Attorney General Jeff SessionsJefferson (Jeff) Beauregard SessionsTrump criticizes Justice for restoring McCabe's benefits McCabe wins back full FBI pension after being fired under Trump Overnight Hillicon Valley — Apple issues security update against spyware vulnerability MORE told The Hill that President TrumpDonald TrumpTrump criticizes Justice for restoring McCabe's benefits Biden: Those who defy Jan. 6 subpoenas should be prosecuted Hillicon Valley — Presented by LookingGlass — Hackers are making big money MORE hasn't talked to him about legislation to decriminalize federal marijuana laws, but that he believed the president would support legislation to protect states that do so.
In an exclusive interview with The Hill’s new TV show "Rising," which aired Thursday morning, Sessions said he understood remarks from Trump last week to be supportive of such protections.
“What I understood the president to have told Senator Cory GardnerCory GardnerColorado remap plan creates new competitive district Protecting the outdoors: Three cheers for America's best idea Ex-Sen. Cory Gardner joins lobbying firm MORE was that if a state legalizes marijuana, he may be supportive of legislation that would honor that state’s decision,” the former Alabama senator said.
President Trump said last week that he would “probably” back a bipartisan bill that could let states determine their own marijuana laws and prevent the federal government from getting involved.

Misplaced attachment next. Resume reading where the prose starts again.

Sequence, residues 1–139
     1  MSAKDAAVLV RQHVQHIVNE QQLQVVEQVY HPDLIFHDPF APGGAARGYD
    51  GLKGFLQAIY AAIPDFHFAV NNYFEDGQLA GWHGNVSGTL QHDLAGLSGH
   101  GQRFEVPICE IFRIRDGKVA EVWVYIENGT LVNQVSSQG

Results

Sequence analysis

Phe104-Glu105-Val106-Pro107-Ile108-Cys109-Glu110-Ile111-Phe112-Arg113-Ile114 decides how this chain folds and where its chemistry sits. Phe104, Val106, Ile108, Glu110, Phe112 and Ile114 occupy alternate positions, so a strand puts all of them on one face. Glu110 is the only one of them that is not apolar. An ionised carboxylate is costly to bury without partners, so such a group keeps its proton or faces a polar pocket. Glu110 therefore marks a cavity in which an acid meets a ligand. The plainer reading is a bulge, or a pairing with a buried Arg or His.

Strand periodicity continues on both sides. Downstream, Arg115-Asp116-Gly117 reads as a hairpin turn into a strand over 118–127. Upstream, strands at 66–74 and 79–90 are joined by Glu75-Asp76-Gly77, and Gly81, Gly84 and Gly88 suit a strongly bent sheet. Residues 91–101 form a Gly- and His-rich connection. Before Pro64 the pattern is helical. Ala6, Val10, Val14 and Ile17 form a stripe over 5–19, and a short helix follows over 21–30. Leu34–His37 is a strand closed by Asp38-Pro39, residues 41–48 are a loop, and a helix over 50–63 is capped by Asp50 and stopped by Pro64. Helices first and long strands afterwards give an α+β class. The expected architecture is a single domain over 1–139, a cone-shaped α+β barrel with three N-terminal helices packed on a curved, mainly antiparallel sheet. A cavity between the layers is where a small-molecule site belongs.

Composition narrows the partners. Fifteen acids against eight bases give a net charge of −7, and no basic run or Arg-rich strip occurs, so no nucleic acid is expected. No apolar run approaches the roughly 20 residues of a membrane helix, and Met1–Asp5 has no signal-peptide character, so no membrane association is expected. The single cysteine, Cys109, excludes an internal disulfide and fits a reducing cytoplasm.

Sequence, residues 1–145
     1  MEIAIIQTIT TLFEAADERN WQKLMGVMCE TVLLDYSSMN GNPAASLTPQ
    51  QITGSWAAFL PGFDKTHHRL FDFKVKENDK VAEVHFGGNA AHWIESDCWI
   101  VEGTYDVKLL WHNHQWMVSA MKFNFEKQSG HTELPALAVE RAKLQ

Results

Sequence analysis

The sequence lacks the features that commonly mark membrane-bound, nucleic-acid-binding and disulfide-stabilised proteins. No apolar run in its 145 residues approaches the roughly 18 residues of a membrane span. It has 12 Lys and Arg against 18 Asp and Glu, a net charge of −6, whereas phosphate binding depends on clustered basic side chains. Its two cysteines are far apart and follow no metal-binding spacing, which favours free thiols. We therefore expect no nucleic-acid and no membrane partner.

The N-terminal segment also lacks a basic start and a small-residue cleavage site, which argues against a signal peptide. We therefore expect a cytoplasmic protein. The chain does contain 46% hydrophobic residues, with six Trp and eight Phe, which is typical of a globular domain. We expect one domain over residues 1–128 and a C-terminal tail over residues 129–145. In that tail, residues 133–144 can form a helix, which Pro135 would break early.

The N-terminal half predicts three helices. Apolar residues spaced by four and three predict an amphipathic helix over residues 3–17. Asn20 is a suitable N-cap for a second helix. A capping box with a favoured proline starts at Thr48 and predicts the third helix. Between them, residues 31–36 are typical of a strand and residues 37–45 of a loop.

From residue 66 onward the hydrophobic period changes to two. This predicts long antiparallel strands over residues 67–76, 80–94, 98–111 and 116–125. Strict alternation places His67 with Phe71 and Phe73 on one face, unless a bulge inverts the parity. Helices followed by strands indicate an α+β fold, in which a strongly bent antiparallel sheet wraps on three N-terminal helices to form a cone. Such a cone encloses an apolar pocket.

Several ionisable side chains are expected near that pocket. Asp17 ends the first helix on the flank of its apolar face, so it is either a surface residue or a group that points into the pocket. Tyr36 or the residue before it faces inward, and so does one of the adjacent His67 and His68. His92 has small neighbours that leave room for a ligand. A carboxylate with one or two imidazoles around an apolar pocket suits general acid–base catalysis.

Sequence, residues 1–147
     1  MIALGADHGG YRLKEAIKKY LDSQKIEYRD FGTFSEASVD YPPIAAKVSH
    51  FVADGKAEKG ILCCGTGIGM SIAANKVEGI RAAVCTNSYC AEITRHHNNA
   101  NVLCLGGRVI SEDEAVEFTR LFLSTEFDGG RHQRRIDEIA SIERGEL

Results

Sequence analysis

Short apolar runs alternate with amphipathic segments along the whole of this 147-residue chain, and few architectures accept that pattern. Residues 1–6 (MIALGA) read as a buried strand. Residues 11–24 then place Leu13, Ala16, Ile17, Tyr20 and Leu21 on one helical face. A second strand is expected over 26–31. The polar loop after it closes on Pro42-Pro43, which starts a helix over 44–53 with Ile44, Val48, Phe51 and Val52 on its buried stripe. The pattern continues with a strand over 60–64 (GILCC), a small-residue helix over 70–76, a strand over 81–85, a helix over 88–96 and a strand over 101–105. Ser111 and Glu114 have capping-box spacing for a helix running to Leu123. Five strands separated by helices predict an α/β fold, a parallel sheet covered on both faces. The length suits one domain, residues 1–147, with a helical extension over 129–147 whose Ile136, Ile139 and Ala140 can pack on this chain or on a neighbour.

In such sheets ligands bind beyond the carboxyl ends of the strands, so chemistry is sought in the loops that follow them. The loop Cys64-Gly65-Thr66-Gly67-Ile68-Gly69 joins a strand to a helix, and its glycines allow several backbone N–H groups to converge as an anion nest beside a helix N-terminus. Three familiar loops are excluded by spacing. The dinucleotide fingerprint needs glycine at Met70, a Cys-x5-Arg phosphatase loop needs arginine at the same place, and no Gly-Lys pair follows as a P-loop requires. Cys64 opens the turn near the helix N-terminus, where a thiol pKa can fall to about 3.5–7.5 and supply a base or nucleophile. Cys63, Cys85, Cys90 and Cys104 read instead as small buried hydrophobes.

"He hasn't told that to me, that's what's been reported in the papers," Sessions said.
This would mark a break from his own administration's policies as enforced by the Judiciary Department led by Sessions.
Sessions emphasized in the interview that marijuana “remains a violation of the law in all 50 states.”
In January, Sessions reversed Obama-era policies urging federal prosecutors not to interfere with states with marijuana-friendly laws.
Trump's remarks come just a week after Sens. Elizabeth WarrenElizabeth WarrenMisguided recusal rules lock valuable leaders out of the Pentagon Biden's soft touch with Manchin, Sinema frustrates Democrats Hillicon Valley — Presented by LookingGlass — Congress makes technology policy moves MORE (D-Mass.) and Cory Gardner (R-Colo.) introduced legislation to allow states to regulate marijuana without federal interference. It would also protect banks that work with marijuana businesses in states where it is legal.
So far, 30 states and the District of Columbia have legalized marijuana use in some form.